½*/**** Image A Sound A Extras C
starring Stellan Skarsgård, Izabella Scorupco, James D'Arcy, Remy Sweeney
screenplay by Alexi Hawley
directed by Renny Harlin
by Walter Chaw Beginning with a kinky apocalypse that Ken Russell would surely have created had ever he the budget and equipment, Renny Harlin's Exorcist: The Beginning is good, old-timey drive-in exploitation garbage. It hates children with a unique fury, boasting the highest dead-kid count since Schindler's List, and sure enough, somehow Harlin manages to work in an uncomfortable subplot about exorcising Holocaust demons as our happy Catholics exorcise a literal one. I don't know if Paul Schrader, the man who helmed the first run at this troubled production (the very first director attached was the late John Frankenheimer)--ostensibly scrapped because it wasn't scary enough (and frankly, the guy who did the Nastassja Kinski Cat People should probably not be going near horror movies in the first place)--included a Holocaust subplot in his version of the flick, but I'm hoping not. Mainly because when you introduce a Holocaust subplot into a movie that also features hyenas ripping apart a little boy in protracted, excruciating detail, a woman giving birth to a maggot-infested infant, and another Holocaust survivor bleeding gallons from her Nazi-ruined vagina, you're wandering into the territory of cinema as audience punishment.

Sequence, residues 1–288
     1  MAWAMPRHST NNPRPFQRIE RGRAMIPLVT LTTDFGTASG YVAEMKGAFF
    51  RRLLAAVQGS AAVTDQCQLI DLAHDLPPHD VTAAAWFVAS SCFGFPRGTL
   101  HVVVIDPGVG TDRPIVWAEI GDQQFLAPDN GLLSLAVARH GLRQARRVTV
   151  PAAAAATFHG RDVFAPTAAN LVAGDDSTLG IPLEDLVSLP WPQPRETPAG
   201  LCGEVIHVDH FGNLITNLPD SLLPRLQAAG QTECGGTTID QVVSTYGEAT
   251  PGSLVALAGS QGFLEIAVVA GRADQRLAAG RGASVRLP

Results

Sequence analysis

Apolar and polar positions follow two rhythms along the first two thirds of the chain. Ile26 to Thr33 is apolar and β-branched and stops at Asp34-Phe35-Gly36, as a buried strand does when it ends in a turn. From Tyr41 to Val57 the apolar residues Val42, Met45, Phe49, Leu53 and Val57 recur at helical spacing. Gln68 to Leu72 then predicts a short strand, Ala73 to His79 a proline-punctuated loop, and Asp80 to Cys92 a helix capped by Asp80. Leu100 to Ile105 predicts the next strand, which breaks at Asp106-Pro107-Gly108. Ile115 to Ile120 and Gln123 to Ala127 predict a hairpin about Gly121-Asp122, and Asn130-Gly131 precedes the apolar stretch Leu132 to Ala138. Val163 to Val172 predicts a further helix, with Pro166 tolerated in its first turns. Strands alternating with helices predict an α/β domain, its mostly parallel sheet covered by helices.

Stepping into Max Von Sydow's shoes as Lancaster Merrin, Stellan Skarsgård plays a fallen priest a little like Jason Miller in the original The Exorcist and a lot like Mel Gibson in the awful Signs. A drinker with an eye for the ladies, he's hired by the Vatican to investigate a church buried in Kenya 1500 years before (he says "5 A.D.," which would actually make it 1944 years ago according to the film's timeline, but the devil is in the details), which is a problem for the Church because Christianity didn't enlighten that corner of the dark continent until much later. (The less said about how much this premise mirrors the one that opens the concurrently-released Alien Vs. Predator, the better.) Once on African soil, Merrin befriends the requisite Man Friday among the savages (who has a spear with his name on it), confronts the requisite white despoiler (Alan Ford), and strikes up a flirtation with the requisite hot white doctor played by a foreign-born actress, Sarah (Izabella Scorupco, channelling Greta Scacchi and Connie Nielsen). It seems that not only are the natives so terrified of the dig as to have deserted it in great numbers, but also that the previous head of the expedition has gone mad and been interred in an asylum, where he spends his time drawing devilish things with charcoal. Oh, and there's a cheesy CGI hyena problem that no one's doing anything about.